Well connected. Mobility in settlement communities in the northern alpine foreland (3950-3550 BC)

Heitz, Caroline Franziska; Stapfer, Regine Barbara; Hinz, Martin; Thierrin, Gisela; Affolter, Jehanne; Wehren, Helena Stefanie; Emmenegger, Lea Meret; Hafner, Albert (5 September 2019). Well connected. Mobility in settlement communities in the northern alpine foreland (3950-3550 BC) (Unpublished). In: 25th Annual Meeting of the European Association of Archaeologists (EAA). Session #251, ‚The 4th M BCE in Europe: Exploring the supraregional entanglements as triggers for cultural, social and economic transformations’. Bern. 4–7 September 2019.

Neolithic wetland sites in the Northern Alpine Foreland dating to the 4th M BCE provide an extraordinary data basis to study forms of (cross)regional connectedness. Since 2016, in the SNSF-project 'Mobilities, entanglements and transformations in Neolithic societies on the Swiss Plateau (3900-3500 BC)', we have addressed those phenomena by analysing styles and materials of pottery and lithic tools from dendrochronologically dated wetland sites. By adopting a newly elaborated mixed method approach, we have applied qualitative and quantitative methods of archaeology and archaeometry: impressionistic and computer-aided pottery classification, thin section and (p)XRF, XRD and SEM analyses as well as macroscopic petrographic provenance determination of lithic tools. Thus, in the rhythm of decades, multiple regimes of mobility and triggered transformations in production and consumption practices of things could be approached:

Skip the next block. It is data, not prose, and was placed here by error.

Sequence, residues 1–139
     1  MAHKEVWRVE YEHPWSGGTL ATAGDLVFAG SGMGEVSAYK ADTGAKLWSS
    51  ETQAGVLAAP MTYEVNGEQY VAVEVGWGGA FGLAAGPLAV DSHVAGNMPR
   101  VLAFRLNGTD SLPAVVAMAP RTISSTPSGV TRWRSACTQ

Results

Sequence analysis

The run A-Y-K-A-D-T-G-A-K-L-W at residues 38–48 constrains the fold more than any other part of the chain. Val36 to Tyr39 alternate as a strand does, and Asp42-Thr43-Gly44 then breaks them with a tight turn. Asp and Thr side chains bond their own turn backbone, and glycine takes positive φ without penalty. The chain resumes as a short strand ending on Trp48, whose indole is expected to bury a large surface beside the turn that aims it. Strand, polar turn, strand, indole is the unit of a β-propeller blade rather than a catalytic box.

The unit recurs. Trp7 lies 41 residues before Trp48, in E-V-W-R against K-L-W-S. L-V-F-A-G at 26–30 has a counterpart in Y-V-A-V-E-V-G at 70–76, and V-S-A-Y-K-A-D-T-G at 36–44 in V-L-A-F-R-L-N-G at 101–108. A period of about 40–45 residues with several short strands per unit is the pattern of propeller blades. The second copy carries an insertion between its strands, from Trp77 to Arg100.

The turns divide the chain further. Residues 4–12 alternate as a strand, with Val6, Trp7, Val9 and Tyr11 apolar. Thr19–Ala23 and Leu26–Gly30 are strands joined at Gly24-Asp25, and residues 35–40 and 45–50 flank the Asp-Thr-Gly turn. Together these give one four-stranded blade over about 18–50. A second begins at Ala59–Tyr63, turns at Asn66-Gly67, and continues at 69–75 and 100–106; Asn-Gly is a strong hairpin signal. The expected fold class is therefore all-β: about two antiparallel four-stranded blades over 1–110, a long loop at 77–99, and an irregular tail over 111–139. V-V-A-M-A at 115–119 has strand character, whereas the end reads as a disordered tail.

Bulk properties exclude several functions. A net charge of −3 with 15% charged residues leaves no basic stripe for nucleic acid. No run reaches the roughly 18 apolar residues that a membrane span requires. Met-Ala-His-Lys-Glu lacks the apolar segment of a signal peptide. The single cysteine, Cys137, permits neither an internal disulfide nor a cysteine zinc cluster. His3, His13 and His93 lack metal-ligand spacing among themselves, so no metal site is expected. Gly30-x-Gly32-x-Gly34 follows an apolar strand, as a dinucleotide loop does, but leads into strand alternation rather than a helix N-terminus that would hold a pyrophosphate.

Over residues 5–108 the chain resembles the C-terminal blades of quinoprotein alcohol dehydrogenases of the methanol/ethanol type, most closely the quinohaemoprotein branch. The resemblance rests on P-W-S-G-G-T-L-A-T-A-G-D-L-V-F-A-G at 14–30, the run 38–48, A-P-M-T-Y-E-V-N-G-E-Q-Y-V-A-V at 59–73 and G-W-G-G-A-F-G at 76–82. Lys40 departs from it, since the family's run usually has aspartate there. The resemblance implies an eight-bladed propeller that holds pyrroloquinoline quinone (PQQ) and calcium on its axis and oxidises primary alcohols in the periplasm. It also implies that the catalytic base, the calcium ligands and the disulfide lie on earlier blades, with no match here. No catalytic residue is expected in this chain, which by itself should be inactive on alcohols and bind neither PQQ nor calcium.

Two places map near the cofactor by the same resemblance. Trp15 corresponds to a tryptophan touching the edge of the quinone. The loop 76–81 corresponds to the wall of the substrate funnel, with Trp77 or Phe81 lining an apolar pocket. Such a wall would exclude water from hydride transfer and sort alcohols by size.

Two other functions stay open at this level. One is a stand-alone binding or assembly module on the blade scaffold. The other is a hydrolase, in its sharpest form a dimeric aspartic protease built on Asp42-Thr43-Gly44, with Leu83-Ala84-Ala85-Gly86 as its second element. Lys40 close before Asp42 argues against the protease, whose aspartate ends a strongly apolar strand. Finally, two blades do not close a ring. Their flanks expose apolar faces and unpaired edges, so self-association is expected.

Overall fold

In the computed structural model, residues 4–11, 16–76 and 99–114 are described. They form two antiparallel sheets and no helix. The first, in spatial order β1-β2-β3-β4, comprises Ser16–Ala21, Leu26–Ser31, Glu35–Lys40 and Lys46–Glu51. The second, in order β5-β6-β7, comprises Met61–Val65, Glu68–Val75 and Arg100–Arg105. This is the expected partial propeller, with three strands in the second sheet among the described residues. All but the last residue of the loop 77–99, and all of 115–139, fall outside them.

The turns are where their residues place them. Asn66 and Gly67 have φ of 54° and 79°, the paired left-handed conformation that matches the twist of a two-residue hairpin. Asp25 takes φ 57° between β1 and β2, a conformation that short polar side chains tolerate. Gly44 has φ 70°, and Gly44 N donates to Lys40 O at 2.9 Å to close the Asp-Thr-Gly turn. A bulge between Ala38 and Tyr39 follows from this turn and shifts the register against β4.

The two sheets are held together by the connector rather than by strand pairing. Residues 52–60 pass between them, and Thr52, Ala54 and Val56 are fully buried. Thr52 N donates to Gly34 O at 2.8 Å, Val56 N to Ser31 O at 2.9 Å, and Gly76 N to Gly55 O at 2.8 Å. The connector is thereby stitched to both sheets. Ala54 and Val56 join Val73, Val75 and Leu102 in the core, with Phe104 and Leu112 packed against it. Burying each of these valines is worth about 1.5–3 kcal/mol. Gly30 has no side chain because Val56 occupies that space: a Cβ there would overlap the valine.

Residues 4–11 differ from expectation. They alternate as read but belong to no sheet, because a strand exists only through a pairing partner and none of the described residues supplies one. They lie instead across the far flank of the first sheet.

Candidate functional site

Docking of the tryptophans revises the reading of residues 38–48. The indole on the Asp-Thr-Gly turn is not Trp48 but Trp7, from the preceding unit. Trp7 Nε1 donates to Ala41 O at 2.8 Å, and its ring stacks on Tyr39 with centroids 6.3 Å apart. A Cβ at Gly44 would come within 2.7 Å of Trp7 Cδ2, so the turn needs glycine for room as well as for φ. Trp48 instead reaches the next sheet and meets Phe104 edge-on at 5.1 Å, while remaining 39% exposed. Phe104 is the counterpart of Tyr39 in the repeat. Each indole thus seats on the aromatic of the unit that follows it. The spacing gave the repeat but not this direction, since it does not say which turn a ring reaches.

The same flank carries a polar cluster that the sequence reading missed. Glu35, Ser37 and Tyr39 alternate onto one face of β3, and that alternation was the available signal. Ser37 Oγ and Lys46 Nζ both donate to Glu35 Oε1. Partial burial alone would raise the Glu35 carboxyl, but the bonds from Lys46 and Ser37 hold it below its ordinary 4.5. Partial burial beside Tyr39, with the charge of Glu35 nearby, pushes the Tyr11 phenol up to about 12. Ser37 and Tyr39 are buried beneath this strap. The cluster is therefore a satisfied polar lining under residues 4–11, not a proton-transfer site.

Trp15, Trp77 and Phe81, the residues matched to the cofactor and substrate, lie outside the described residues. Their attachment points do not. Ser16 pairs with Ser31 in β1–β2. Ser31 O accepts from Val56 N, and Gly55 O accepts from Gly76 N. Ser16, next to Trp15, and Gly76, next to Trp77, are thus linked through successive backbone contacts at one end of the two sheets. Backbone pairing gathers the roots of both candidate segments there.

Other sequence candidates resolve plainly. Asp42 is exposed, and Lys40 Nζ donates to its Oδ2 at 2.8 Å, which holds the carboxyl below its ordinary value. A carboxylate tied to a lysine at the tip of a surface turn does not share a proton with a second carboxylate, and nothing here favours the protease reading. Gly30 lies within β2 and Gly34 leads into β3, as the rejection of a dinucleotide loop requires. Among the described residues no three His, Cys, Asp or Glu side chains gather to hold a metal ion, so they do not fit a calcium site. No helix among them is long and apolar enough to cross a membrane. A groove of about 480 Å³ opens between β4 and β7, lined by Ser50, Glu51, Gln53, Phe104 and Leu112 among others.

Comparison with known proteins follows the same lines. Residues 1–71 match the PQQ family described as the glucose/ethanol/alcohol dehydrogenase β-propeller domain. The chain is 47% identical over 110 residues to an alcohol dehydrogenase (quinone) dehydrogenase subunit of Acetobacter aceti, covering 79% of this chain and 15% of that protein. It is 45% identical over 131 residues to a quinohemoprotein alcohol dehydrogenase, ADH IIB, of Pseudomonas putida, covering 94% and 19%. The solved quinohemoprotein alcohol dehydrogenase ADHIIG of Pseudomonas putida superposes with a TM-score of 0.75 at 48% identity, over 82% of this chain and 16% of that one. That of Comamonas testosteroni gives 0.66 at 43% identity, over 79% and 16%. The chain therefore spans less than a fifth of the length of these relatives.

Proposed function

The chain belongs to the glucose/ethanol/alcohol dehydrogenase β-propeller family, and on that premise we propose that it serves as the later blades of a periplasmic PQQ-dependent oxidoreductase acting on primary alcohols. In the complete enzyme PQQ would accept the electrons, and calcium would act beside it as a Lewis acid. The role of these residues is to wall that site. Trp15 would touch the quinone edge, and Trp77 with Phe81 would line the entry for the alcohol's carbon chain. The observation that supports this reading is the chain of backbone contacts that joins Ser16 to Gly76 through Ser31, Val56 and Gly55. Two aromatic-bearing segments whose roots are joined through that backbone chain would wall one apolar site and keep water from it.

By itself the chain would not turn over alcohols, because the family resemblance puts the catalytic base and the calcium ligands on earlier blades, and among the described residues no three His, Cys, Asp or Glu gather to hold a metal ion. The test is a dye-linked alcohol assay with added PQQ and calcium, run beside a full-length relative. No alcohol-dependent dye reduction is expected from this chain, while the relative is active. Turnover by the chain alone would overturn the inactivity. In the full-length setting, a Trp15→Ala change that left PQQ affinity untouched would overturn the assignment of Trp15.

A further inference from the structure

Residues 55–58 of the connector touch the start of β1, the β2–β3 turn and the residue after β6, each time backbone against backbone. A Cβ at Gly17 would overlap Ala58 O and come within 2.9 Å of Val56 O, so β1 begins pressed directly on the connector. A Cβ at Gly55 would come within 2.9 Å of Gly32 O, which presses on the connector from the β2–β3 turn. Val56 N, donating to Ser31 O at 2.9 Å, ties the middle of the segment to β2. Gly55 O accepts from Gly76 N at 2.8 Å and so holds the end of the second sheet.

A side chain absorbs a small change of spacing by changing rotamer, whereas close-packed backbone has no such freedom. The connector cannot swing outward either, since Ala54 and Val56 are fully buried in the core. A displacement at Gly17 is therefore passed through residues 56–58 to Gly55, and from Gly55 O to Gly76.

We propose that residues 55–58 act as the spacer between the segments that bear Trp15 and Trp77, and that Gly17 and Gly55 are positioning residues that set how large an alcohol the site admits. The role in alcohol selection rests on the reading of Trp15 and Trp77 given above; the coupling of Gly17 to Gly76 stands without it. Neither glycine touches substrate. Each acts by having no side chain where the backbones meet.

Settlement communities at Lake Constance and in Upper Swabia were strongly entangled at the end of the 40th c. BCE. In contrast, entanglements intensified to Neckar, the Kraichgau and the Kaiserstuhl regions in the 39th c. BCE. Communities at Lake Zurich were connected with those in the Trois-Lacs, South Alsace, Lac de Clairvaux and Saône regions at the end of the 39th c. BCE. It was not until the middle of the 39th c. B.C. that these older networks of relationships gradually disintegrated in favour for northeast-oriented relations. In Central Switzerland entanglements show ties to the regions of Trois-Lacs, Lake Zurich and South Alsace at 39th to 37th c. BCE. However, the communities in the Trois-Lacs region were more connected with Eastern France during that time period. These results on pottery can be contrasted with those of flint tools.
The examinations of directions and ranges of changing entanglements made different regimes of mobility visible, each referring to various supra-regional, multidirectional networks of relationships.

Item Type:

Conference or Workshop Item (Speech)

Division/Institute:

06 Faculty of Humanities > Department of History and Archaeology > Institute of Archaeological Sciences
06 Faculty of Humanities > Department of History and Archaeology > Institute of Archaeological Sciences > Pre- and Early History

UniBE Contributor:

Heitz, Caroline Franziska; Stapfer, Regine Barbara; Hinz, Martin; Thierrin, Gisela; Wehren, Helena Stefanie; Emmenegger, Lea Meret and Hafner, Albert

Subjects:

900 History > 930 History of ancient world (to ca. 499)
000 Computer science, knowledge & systems
300 Social sciences, sociology & anthropology

Language:

English

Submitter:

Caroline Franziska Heitz

Date Deposited:

15 Jun 2021 12:10

Last Modified:

15 Jun 2021 12:10

Uncontrolled Keywords:

Archaeology, Neolithic, Mobility, Networks, Entanglements, Transformations

URI:

https://boris.unibe.ch/id/eprint/152467

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